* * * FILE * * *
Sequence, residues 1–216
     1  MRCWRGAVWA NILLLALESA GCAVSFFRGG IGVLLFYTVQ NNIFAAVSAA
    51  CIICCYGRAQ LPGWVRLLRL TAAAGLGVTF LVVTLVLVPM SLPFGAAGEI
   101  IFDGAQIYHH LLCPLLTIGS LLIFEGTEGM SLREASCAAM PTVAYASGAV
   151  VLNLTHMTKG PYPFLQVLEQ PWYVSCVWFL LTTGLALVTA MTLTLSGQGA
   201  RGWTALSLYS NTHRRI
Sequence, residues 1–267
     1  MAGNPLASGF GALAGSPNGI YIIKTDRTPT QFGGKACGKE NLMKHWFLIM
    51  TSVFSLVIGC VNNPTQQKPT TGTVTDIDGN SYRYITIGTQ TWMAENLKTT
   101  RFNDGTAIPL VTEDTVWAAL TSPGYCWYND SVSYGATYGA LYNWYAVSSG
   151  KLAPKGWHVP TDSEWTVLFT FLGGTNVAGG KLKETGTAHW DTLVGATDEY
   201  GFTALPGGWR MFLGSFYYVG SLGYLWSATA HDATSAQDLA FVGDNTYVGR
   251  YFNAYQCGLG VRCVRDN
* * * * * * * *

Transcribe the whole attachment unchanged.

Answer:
Sequence, residues 1–216
     1  MRCWRGAVWA NILLLALESA GCAVSFFRGG IGVLLFYTVQ NNIFAAVSAA
    51  CIICCYGRAQ LPGWVRLLRL TAAAGLGVTF LVVTLVLVPM SLPFGAAGEI
   101  IFDGAQIYHH LLCPLLTIGS LLIFEGTEGM SLREASCAAM PTVAYASGAV
   151  VLNLTHMTKG PYPFLQVLEQ PWYVSCVWFL LTTGLALVTA MTLTLSGQGA
   201  RGWTALSLYS NTHRRI
Sequence, residues 1–267
     1  MAGNPLASGF GALAGSPNGI YIIKTDRTPT QFGGKACGKE NLMKHWFLIM
    51  TSVFSLVIGC VNNPTQQKPT TGTVTDIDGN SYRYITIGTQ TWMAENLKTT
   101  RFNDGTAIPL VTEDTVWAAL TSPGYCWYND SVSYGATYGA LYNWYAVSSG
   151  KLAPKGWHVP TDSEWTVLFT FLGGTNVAGG KLKETGTAHW DTLVGATDEY
   201  GFTALPGGWR MFLGSFYYVG SLGYLWSATA HDATSAQDLA FVGDNTYVGR
   251  YFNAYQCGLG VRCVRDN